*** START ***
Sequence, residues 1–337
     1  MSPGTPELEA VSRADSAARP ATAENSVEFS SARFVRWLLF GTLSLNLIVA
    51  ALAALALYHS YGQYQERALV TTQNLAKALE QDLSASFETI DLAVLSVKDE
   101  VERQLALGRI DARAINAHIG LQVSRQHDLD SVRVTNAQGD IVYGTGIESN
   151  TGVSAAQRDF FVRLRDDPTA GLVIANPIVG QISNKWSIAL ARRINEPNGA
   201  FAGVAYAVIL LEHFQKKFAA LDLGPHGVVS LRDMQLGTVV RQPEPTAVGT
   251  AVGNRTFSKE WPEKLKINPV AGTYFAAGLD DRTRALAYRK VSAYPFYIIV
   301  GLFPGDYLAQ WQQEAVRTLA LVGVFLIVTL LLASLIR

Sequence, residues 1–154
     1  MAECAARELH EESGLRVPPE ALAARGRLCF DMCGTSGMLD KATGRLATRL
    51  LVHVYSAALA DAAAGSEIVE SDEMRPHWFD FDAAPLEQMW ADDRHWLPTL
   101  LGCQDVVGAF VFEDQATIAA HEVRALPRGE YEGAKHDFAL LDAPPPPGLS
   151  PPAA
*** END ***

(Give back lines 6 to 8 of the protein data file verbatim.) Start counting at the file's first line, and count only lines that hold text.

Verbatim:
   201  FAGVAYAVIL LEHFQKKFAA LDLGPHGVVS LRDMQLGTVV RQPEPTAVGT
   251  AVGNRTFSKE WPEKLKINPV AGTYFAAGLD DRTRALAYRK VSAYPFYIIV
   301  GLFPGDYLAQ WQQEAVRTLA LVGVFLIVTL LLASLIR